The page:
Organic Sack Garden Ensuring Nutrition

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Organic Sack Garden Ensuring Nutrition

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Organic Sack Garden Ensuring Nutrition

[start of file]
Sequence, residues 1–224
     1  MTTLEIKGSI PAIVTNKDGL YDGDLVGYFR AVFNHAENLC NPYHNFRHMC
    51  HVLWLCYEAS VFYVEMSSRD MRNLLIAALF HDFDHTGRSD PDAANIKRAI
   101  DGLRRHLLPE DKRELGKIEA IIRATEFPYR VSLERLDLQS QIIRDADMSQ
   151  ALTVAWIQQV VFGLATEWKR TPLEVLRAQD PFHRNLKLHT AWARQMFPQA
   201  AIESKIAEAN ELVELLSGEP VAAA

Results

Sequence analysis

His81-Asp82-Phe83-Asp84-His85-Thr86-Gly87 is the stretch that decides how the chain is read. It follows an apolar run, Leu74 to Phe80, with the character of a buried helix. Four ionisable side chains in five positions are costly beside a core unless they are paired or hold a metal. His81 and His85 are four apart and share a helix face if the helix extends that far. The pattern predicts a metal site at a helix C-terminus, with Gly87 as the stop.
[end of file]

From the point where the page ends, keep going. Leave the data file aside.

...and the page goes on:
1. 1. Organic sack garden ensuring nutrition and improve the food security on small scale households Hossain, S.T. 1 , Akter, S 2 Key words: food security, homestead, income generation, organic Abstract An experiment was conducted in Gazipur district of Bangladesh in 2009 to study the effect of sack/bag gardening method for the first time in Bangladesh and to observe the suitability and opportunities of the method in context of Bangladesh that one of the most vulnarable country in the world with recent climate change. The peoples who are disadvangatage and living in unfavaourableecosystems can able to grow and cook their own vegetables and have more diversiy in their diet by growing high nutritional products. The overall objective is to improve peoples ability to be food secure and more specifically are to increase the household food consumption and production also to increase their income through these activities. From the study it was observed that the vegetable production by sack gardenining method was a effective technology and received a attention from the household communities. It was also obsearved that the households consumption pattarn has changed in some extent with practicing the technology. Introduction Food security exists when all people, at all times, have physical and economic access to sufficient, safe and nutritious food to meet their dietary needs and food preferences for an active and healthy life and also Food security defined as for a household means access by all members at all times to enough food for an active, healthy life (World Food Summit 1996). Food security includes at a minimum (1) the ready availability of nutritionally adequate and safe foods, and (2) an assured ability to acquire acceptable foods in socially acceptable ways that is, without resorting to emergency food supplies, scavenging, stealing, or other coping strategies. In National Strategy for Accelerated Poverty Reduction, food security is given the topmost priority in Bangladesh. Side by side with domestic food production, greater importance is given to ensure access to adequate and safe food by all people at all times for maintaining an active and healthy life. Bangladesh obtains food through domestic production, imports and food aid. As the food aid is decreasing in recent years, the country has no alternative way but to increase the domestic agriculture production including high value vegetables and non-rice crop. The area of vegetable production in Bangladesh is 0.279 million ha and production is 2.05 million MT. The present consumption rate is 45 gm/day/person, where the recommended figure is 220 gm/day/person (BBS 2004). As per recommendation our requirement vegetable production is 11.24 million MT. The consumption poverty line is defined in terms of calories, leaving out minimum levels and requirements of vitamins and minerals. In Bangladesh the consumption rate of vegetables are 17 kg/year, whereas in neighboring India the figure is 84 kg and in China is 107 kg. The majority of the population of Bangladesh depends upon rice which is the staple food. Bangladesh has reached near self sufficiency in grain 1 Friends In Village Development Bangladesh. E-Mail : tanveer107@yahoo.com 2 Padakhep Manabik Unnayan Kendra, Dhaka, Bangladesh